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J Surg Educ. 2013 Nov-Dec;70(6):690-5. doi: 10.1016/j.jsurg.2013.09.004.

Career outcomes of nondesignated preliminary general surgery residents at an academic surgical program.

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1
Department of Surgery, Massachusetts General Hospital, Boston, Massachusetts.

Abstract

PURPOSE:

There remains a debate as to whether nondesignated preliminary (NDP) positions in surgery ultimately translate into successful surgical careers for those who pursue them. We sought to identify the success with which our NDP residents were able to transition to their desired career and what, if any, factors contributed to their success.

METHODS:

The records of all NDP residents accepted into the Massachusetts General Hospital General Surgery Residency Program from 1995 to 2010 were examined and long-term follow-up was completed.

RESULTS:

Thirty-four NDP residents were identified, including 26.5% US graduates and 73.5% international medical graduates. At the end of the initial preliminary year, 30 (88%) got placed in a postgraduate residency program, whereas 4 (12%) pursued other career paths. Of those who got placed, 25 (83%) attained surgical residency positions, including 17 (57%) who continued as preliminary residents at our institution and 8 (27%) who got placed in categorical surgical positions at other programs. After multiple preliminary years, 15 of 17 achieved a categorical position, of which, 93% were in surgical fields. Overall, 64.7% of all entering NDP residents eventually went on to have careers in general surgery (50%) or surgical subspecialties (14.7%), and 24 of 34 (71%) fulfilled their desired career goals. No factor predicted success. From 1995 to 2012 there have been 15 midlevel (11 postgraduate year 4) vacancies in our program, 4 of which were filled by preliminary residents, 2 from our program and 2 from elsewhere. All have gone on to board certifications and careers in surgery.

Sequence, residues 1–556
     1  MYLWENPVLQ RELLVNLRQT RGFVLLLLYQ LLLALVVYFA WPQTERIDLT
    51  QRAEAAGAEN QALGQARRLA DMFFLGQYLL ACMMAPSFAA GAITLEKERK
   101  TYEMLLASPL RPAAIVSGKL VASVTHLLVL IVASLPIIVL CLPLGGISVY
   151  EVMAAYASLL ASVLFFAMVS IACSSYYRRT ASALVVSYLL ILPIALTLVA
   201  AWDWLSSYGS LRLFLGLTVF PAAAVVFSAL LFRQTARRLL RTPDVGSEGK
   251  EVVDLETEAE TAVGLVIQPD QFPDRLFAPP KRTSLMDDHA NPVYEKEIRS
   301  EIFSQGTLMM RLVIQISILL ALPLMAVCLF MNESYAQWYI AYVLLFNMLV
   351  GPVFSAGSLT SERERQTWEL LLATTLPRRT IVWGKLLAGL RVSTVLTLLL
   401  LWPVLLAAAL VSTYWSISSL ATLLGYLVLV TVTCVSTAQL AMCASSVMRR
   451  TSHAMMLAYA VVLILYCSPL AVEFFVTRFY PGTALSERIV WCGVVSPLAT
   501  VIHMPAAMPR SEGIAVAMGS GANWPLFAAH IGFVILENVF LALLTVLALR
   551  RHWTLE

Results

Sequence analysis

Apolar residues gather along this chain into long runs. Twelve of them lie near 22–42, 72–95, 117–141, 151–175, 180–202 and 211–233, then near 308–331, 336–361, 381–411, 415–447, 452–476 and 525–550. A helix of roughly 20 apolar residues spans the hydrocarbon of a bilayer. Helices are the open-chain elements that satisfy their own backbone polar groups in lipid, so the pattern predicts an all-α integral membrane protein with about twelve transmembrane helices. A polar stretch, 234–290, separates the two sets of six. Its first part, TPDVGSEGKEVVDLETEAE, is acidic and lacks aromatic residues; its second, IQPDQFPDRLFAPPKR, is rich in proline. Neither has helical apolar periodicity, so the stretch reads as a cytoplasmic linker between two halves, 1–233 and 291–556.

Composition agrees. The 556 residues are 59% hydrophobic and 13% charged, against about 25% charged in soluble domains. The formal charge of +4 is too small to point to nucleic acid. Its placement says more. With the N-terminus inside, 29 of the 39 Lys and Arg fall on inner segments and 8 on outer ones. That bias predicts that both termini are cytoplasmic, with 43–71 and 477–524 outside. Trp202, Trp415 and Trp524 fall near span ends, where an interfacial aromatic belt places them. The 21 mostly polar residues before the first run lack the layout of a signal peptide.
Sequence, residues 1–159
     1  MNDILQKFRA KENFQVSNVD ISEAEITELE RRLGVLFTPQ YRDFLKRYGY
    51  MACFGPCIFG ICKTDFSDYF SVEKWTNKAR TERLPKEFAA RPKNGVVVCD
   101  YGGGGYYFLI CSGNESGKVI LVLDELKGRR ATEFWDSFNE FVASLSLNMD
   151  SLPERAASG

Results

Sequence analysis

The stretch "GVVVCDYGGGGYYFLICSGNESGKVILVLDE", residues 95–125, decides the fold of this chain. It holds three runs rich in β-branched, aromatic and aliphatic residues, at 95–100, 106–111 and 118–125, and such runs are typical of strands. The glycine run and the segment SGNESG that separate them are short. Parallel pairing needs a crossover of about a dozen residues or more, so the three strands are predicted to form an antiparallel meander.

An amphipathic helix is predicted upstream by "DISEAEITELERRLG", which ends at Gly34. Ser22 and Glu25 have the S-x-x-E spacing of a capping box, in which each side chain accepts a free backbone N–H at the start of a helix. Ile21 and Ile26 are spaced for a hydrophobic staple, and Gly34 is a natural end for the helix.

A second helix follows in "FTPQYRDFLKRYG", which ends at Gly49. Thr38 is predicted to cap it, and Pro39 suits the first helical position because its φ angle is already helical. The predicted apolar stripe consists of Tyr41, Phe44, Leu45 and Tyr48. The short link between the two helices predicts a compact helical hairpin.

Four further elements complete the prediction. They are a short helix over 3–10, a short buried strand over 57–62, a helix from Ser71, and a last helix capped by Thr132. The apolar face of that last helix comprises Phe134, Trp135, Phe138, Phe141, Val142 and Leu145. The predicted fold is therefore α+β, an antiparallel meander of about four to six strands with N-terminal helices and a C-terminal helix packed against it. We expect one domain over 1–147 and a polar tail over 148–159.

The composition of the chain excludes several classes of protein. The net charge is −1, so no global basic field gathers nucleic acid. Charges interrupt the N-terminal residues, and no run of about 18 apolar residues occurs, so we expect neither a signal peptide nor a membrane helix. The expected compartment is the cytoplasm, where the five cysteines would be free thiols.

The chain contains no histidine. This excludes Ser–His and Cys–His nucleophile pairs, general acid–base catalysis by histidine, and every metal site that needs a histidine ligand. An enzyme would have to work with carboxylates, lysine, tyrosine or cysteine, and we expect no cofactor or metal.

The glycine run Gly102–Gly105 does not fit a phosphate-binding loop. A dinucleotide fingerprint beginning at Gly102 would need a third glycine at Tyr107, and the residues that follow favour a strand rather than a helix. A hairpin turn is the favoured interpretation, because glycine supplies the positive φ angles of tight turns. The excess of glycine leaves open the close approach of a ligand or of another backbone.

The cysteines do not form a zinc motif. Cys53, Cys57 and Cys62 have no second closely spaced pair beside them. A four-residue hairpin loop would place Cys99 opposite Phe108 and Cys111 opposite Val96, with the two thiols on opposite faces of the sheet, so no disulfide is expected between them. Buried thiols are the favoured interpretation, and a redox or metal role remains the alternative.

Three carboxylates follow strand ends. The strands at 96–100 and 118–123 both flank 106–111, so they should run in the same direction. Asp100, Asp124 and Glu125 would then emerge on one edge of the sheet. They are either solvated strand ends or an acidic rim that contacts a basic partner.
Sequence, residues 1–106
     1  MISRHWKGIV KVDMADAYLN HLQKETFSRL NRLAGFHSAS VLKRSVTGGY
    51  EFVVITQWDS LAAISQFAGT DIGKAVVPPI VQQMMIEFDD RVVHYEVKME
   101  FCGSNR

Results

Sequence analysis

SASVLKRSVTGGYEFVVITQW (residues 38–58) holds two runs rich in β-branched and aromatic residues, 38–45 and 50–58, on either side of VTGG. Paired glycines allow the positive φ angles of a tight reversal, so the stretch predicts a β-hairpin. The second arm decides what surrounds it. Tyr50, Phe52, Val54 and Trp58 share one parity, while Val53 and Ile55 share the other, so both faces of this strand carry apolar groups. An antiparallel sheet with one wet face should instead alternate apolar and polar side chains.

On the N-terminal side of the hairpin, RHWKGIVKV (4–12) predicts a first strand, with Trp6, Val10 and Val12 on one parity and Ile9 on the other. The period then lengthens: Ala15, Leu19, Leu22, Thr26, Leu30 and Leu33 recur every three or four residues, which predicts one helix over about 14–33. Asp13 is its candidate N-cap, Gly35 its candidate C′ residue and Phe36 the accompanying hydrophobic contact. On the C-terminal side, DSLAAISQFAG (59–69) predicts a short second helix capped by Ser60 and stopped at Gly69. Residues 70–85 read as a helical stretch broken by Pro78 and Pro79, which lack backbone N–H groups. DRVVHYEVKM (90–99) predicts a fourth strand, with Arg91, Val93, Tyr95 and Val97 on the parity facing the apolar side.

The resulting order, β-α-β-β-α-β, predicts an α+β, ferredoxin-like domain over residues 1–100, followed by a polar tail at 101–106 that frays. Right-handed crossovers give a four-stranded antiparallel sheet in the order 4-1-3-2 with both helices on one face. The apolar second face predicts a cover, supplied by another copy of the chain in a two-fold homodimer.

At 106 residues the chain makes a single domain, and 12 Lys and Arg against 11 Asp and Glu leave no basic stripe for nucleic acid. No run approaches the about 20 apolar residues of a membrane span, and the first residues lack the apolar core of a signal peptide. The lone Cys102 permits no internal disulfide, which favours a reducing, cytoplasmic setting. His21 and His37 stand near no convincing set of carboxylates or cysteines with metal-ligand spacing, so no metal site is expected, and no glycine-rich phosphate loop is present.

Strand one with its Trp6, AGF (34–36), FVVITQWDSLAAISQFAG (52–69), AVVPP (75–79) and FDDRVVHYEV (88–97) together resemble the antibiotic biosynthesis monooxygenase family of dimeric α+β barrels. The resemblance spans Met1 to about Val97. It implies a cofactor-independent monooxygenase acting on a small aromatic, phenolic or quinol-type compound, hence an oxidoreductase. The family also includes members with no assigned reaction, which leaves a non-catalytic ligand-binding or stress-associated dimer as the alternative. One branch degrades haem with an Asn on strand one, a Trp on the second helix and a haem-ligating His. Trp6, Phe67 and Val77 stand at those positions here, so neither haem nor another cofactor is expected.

CONCLUSIONS:

More than 70% of NDP residents in our program successfully transitioned to their desired career paths, many achieving categorical surgical positions and academic surgical careers, thus demonstrating the benefit of this track to both residency programs and trainees.

KEYWORDS:

Interpersonal and Communication Skills; Professionalism; Systems-Based Practice; career; general surgery; nondesignated preliminary residents; professional goals; surgical education

PMID:
24209641
DOI:
10.1016/j.jsurg.2013.09.004
[Indexed for MEDLINE]
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